When you join a group on LinkedIn, you will notice that you have the option to display the logo for that group on your LinkedIn profile. This public display of groups differs from Facebook, which displays your groups just for you on your home page and all likes under one tab on the profile. LinkedIn, however, displays the groups of which you are a member on your profile one after another in a vertical list.
What a closed group means to the viewer
These logos show up on your LinkedIn profile conspicuously and represent parts of your identity, such as where you earned your degree, where you work(ed), and your professional interests. For example, if you are an MIT alumnus, you can join the MIT Alumni LinkedIn group and display that group’s logo with pride on your profile. Imagine if anyone could join the group, however, making it an open – not a closed – group, meaning anyone could display the MIT Alumni group logo on their profile, even if they didn’t go to MIT. All of a sudden the group membership loses value. A viewer of your profile cannot be sure that you having the group logo on your LinkedIn profile means you are associated with MIT at all. It becomes slightly misleading.
Open or closed? It depends on your group’s name and purpose.
Make sure your LinkedIn group’s name makes sense with whether or not the group is closed or open. The objective is not to allow users to cause confusion through improper use of your department or school identity. If you are unsure whether your departmental LinkedIn group should be open or closed, consider what outsiders would think when your group name and logo shows up on someone’s profile. For example, if I saw ‘MIT Department of Mechanical Engineering’ with the department logo on someone’s LinkedIn profile, I would assume they studied or worked there. However, if I saw a Mechanical Engineering group (without the ‘MIT’) on their profile, I would assume they either work in or have interest in the general field.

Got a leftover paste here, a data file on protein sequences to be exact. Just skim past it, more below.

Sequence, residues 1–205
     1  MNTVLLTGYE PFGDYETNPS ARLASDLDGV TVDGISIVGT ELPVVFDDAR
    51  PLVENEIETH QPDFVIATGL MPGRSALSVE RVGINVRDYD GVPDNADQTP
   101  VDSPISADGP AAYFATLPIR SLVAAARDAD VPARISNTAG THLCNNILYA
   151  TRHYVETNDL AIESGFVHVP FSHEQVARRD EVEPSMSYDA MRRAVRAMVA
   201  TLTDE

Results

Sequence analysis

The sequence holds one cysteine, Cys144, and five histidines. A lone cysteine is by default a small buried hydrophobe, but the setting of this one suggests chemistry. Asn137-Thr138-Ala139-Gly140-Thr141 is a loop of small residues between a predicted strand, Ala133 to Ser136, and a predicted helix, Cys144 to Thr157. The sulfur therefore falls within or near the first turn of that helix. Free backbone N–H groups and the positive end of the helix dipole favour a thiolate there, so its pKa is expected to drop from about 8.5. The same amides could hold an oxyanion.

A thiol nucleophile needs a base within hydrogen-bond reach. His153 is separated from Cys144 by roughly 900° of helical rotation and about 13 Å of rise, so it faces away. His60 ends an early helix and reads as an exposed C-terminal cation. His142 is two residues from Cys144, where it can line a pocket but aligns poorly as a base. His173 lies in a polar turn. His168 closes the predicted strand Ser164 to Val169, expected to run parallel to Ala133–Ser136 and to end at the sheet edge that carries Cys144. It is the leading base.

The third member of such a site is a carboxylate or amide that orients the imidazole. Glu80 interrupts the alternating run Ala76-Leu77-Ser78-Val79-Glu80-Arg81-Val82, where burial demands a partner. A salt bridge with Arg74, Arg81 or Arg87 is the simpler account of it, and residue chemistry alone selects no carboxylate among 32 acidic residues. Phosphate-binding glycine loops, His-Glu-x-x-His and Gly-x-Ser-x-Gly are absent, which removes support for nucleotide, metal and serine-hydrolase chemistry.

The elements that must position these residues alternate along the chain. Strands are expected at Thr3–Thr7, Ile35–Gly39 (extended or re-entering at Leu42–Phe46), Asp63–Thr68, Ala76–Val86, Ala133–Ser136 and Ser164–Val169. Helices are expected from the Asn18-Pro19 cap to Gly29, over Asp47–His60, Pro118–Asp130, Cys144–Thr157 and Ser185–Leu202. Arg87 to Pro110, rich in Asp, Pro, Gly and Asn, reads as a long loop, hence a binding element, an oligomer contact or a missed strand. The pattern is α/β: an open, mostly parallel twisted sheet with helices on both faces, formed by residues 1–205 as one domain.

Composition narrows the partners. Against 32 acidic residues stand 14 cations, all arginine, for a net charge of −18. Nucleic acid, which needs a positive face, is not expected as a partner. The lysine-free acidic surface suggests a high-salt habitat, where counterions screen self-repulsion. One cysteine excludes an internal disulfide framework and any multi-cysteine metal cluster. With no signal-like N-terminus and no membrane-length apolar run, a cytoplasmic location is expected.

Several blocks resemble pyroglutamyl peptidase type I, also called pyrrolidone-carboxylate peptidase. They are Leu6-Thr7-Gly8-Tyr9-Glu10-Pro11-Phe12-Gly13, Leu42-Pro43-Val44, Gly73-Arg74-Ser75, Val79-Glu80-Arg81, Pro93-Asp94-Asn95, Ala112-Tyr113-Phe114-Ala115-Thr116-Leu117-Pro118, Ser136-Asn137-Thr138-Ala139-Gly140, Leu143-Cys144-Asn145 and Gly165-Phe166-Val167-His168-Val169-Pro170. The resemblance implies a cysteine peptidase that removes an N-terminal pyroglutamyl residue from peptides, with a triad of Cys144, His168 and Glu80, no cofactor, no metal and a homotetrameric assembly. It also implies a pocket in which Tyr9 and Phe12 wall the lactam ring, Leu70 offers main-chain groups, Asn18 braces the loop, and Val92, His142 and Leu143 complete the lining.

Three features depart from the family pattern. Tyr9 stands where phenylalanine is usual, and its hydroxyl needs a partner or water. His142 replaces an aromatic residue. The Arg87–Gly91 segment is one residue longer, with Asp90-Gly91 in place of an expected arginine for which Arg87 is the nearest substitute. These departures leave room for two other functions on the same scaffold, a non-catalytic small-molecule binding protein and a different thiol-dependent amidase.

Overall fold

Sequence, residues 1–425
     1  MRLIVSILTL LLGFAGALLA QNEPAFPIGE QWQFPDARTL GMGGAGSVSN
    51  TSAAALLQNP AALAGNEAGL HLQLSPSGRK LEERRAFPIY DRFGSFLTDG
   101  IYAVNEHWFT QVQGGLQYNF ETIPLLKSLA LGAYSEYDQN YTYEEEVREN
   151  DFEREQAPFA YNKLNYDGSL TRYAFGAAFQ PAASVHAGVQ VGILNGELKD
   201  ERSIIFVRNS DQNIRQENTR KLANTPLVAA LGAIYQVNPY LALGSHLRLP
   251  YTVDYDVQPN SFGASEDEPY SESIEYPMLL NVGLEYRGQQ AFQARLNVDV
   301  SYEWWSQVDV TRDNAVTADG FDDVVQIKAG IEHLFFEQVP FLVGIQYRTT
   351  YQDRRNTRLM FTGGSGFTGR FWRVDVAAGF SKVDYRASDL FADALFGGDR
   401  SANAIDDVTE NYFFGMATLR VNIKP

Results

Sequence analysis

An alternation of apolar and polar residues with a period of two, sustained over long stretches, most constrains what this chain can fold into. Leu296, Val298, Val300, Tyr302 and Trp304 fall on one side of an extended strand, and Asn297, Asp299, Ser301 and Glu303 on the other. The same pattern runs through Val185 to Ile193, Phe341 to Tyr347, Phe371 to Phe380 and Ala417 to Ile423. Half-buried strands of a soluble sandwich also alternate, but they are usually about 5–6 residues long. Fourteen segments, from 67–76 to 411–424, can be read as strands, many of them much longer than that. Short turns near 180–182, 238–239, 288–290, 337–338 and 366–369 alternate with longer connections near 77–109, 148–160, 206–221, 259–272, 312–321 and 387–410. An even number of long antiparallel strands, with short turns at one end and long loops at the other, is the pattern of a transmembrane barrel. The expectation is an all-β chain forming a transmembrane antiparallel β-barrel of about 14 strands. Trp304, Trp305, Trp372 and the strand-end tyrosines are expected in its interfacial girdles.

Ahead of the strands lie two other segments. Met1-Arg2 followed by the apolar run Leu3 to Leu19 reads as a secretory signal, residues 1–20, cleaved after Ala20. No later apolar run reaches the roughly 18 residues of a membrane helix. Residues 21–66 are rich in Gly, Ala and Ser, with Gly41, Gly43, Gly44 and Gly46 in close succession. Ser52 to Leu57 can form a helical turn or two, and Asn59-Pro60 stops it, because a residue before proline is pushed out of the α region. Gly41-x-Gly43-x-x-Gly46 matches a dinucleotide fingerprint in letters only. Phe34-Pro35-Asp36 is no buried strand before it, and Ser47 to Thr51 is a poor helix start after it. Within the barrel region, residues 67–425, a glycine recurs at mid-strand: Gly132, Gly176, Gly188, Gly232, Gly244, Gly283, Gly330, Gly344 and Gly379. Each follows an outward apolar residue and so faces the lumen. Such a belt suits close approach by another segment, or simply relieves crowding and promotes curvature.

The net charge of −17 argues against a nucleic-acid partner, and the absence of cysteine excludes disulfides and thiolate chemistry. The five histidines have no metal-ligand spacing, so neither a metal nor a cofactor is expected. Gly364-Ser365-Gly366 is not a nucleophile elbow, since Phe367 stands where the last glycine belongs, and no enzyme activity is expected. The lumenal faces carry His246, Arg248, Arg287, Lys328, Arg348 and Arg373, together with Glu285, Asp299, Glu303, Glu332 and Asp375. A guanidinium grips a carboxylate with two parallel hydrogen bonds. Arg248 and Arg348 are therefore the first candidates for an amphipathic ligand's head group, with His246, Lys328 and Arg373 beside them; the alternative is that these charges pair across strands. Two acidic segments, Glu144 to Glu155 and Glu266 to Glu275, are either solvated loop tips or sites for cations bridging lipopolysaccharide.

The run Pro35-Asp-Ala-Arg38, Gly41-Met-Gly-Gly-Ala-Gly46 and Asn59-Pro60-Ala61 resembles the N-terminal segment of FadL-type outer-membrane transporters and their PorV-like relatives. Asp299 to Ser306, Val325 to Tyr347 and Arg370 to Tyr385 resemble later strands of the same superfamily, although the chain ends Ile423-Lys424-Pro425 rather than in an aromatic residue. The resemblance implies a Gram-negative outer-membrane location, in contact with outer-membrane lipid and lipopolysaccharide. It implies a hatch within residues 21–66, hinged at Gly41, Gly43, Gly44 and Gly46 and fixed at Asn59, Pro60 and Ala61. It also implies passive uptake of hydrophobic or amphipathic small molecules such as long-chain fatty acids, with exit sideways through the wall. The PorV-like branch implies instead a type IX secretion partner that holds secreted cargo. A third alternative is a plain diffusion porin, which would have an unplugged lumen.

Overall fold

An example of an open group is The Engineering Forum group, which is “dedicated to engineers looking for new opportunities in their career” and is “a forum to discuss new ideas, options and positions throughout the country.” This type of group is named for a subject of interest and should be open to anyone interested in that subject.
Department groups usually are closed, since LinkedIn shows a type of digital résumé, causing groups reflecting offline membership to be viewed as a legitimate indication of that membership. This is especially true for groups with ‘alumni’ in the name, but is also true for department groups that include present students and faculty. Be clear about the membership makeup of your group in the description. For example, say ‘this group is for Department of Physics alumni, students, and faculty’. Social media generally is very open and public, and should be to attract and grow your audience. Closed LinkedIn groups are a unique form of social media, however, in that they provide a social space for individuals who belong to a specific group, providing the opportunity to stay in contact with and network with others from that group without unrelated public noise and without the feeling of the group being a public marketing promotion of the department. There is hope for less spam and better discussions.
But I want an open departmental group so that prospects and donors can join and get involved!
If you are concerned about having a group for promotion to prospects and donors of the department in addition to alumni and students, clearly express the group name. For example, use the title ‘Friends of MIT Mechanical Engineering’. What you might really be looking for is a LinkedIn Company Page, which is meant to be public and open and which anyone can follow if they are interested in keeping engaged with the department.